American Heart Association

High-dose statin drugs were more effective than low doses in Japanese patients

By AMERICAN HEART ASSOCIATION NEWS

ANAHEIM, California — For years, Asian doctors haven’t had the kind of solid evidence that U.S. doctors have had to show high-dose statins could lower heart risks in their patients. But a large new study released Monday does just that.

“There has been substantial reluctance to […]

Young Hispanic-Americans could face a future plagued by health risks

By AMERICAN HEART ASSOCIATION NEWS

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Heart disease and stroke researchers say the writing is on the wall for young Hispanic-Americans. If worrisome health trends continue, they may be sicker than their parents and grandparents when they reach that age — or perhaps sooner.

Hispanic-American adults of any race have […]

Twins who participated in ‘The Biggest Loser’ help each other stay healthy

By AMERICAN HEART ASSOCIATION NEWS

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Luis and Roberto Hernandez shed hundreds of pounds together as contestants on “The Biggest Loser.” Today, they still are working to keep one another on track.

They’re each other’s biggest cheerleaders and they also hold each other accountable if they don’t eat right or […]

Chef gives Cuban classics a healthy twist

By AMERICAN HEART ASSOCIATION NEWS

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Some of Ronaldo Linares’s earliest memories are in a kitchen.

He remembers at age 5 standing on a milk crate, peeling potatoes at his parents’ restaurant and nightclub in Medellin, Colombia. To keep him out of trouble, they also put him in charge of […]

Study: Mexican-Americans face much higher stroke risk – with diabetes a major contributing factor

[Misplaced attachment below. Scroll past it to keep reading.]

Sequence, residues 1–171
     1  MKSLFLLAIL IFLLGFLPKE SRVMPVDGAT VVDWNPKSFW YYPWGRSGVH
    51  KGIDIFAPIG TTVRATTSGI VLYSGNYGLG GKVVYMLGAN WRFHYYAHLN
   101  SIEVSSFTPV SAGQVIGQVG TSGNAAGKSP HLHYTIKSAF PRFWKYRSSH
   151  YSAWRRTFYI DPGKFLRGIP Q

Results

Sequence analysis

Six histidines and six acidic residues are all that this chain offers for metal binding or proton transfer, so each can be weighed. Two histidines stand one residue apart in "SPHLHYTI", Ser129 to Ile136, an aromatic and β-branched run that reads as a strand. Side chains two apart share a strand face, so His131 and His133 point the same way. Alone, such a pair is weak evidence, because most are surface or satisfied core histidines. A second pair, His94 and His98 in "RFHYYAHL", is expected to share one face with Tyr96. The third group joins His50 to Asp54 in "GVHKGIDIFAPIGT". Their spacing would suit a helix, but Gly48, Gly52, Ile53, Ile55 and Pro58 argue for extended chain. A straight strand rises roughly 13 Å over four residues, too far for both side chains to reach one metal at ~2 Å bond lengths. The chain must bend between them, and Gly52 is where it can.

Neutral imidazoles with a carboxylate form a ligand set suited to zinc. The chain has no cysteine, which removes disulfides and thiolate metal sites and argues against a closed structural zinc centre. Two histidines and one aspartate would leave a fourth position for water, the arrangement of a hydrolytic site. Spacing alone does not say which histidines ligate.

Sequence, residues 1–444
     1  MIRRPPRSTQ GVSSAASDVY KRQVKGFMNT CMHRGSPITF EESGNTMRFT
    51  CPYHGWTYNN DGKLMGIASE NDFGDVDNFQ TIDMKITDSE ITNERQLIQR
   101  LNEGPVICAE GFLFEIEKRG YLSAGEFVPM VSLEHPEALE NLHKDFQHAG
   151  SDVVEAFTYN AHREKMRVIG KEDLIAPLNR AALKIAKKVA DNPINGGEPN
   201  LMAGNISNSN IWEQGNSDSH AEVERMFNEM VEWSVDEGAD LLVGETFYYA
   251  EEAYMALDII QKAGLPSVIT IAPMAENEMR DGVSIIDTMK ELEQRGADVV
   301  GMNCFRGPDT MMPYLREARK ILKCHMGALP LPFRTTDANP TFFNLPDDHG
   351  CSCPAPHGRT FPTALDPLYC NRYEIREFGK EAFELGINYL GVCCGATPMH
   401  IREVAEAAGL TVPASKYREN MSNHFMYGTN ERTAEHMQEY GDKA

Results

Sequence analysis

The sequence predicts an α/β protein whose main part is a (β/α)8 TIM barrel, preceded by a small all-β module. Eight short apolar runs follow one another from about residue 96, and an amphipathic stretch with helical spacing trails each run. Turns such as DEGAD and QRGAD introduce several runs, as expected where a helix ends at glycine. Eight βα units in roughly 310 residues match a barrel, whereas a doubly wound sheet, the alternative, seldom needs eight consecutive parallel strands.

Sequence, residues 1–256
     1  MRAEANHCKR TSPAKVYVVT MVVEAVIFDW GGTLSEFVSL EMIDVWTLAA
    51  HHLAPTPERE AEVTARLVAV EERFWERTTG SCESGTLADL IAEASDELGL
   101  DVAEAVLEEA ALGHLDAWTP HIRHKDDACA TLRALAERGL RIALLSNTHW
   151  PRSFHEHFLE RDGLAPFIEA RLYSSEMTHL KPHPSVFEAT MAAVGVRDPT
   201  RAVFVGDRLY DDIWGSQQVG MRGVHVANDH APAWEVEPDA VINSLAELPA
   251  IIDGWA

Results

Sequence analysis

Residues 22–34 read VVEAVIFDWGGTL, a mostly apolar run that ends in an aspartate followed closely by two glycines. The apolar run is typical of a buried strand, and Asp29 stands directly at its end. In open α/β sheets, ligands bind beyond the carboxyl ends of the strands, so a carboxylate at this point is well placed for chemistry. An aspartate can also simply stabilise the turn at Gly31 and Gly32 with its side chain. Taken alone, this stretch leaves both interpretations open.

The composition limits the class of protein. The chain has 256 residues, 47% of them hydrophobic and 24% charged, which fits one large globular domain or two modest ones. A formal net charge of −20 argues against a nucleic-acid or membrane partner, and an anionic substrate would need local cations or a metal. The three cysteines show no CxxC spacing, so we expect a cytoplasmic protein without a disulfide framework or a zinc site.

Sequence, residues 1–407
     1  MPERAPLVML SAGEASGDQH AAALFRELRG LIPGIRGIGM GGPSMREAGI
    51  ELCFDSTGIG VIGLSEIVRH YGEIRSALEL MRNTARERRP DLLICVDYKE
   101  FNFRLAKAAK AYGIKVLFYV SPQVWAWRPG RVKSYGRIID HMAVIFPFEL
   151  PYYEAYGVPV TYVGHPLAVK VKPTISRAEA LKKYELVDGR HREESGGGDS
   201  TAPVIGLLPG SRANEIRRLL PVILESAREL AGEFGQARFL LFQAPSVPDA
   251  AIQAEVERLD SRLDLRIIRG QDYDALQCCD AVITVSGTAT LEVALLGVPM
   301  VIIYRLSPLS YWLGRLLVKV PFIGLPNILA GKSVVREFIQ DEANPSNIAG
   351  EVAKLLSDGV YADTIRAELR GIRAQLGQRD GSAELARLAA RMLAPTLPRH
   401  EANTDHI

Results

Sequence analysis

By AMERICAN HEART ASSOCIATION NEWS

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A new study found that middle-aged Mexican-Americans faced double the risk of stroke compared with white people, with diabetes considered a major contributing factor.

Ischemic strokes are the most common and occur when an artery supplying blood to the brain is blocked.

The role of […]

September 21st, 2017|Categories: Blog, Diabetes, High Blood Pressure, Hispanic, multicultural, Patients, Prevention, Stroke|Tags: , , , , , , , , , |Comments Off on Study: Mexican-Americans face much higher stroke risk – with diabetes a major contributing factor

America’s food security problem and how to fix it

By AMERICAN HEART ASSOCIATION NEWS

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In South Dallas, the heart health statistics are grim. More residents die from heart disease and diabetes than elsewhere in the city, and being hospitalized for high blood pressure is much more common.

The Bonton neighborhood of South Dallas is among the poorest, with […]

Stroke deaths on the rise for some Americans

By AMERICAN HEART ASSOCIATION NEWS

Since at least the 1960s, the rate of Americans who die from stroke has been on the decline. But that progress has slowed, and in some cases reversed, according to a new federal report.

The report, issued Wednesday by the Centers for Disease Control and Prevention, […]

How the Great Recession impacted the health of black teens

By AMERICAN HEART ASSOCIATION NEWS

As the Great Recession left the U.S. economy in turmoil, the financial crisis also delivered a blow to the health of African-American teens, a new study finds.

The risk of metabolic syndrome, a common cluster of risk factors for heart disease and diabetes, was found to be […]

September 6th, 2017|Categories: Blacks, Blog, Diabetes, Heart Disease, Research|Tags: , , , |Comments Off on How the Great Recession impacted the health of black teens

Efforts continue to understand societal impact on health

By AMERICAN HEART ASSOCIATION NEWS

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For decades, researchers have been piecing together the unfortunate reality that wide-ranging societal factors affect people’s health.

It’s still too early to know precisely how these things impact heart disease, stroke and other major health problems.

But, as work continues to fully understand these relationships, […]

What we know so far from the biggest study of cardiovascular health in African-Americans

By AMERICAN HEART ASSOCIATION NEWS

Montoya Taylor, M.D., attended medical school at Brown University in the mid-2000s and heard a lot about an influential study in the small town of Framingham, Massachusetts. Now spanning three generations of mostly white participants, the Framingham Heart Study is largely responsible for the current […]